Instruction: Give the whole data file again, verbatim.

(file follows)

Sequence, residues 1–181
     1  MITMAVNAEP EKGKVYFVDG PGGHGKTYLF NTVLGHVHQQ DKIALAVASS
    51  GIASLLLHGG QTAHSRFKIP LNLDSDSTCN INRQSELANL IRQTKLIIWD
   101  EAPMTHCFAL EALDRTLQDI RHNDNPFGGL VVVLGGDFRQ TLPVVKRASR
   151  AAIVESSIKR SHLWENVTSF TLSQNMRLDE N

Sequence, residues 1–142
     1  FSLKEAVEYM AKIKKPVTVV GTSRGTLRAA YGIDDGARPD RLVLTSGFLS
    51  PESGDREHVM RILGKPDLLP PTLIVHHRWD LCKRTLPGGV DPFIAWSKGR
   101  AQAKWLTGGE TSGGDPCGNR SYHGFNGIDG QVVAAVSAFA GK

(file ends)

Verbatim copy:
Sequence, residues 1–181
     1  MITMAVNAEP EKGKVYFVDG PGGHGKTYLF NTVLGHVHQQ DKIALAVASS
    51  GIASLLLHGG QTAHSRFKIP LNLDSDSTCN INRQSELANL IRQTKLIIWD
   101  EAPMTHCFAL EALDRTLQDI RHNDNPFGGL VVVLGGDFRQ TLPVVKRASR
   151  AAIVESSIKR SHLWENVTSF TLSQNMRLDE N

Sequence, residues 1–142
     1  FSLKEAVEYM AKIKKPVTVV GTSRGTLRAA YGIDDGARPD RLVLTSGFLS
    51  PESGDREHVM RILGKPDLLP PTLIVHHRWD LCKRTLPGGV DPFIAWSKGR
   101  AQAKWLTGGE TSGGDPCGNR SYHGFNGIDG QVVAAVSAFA GK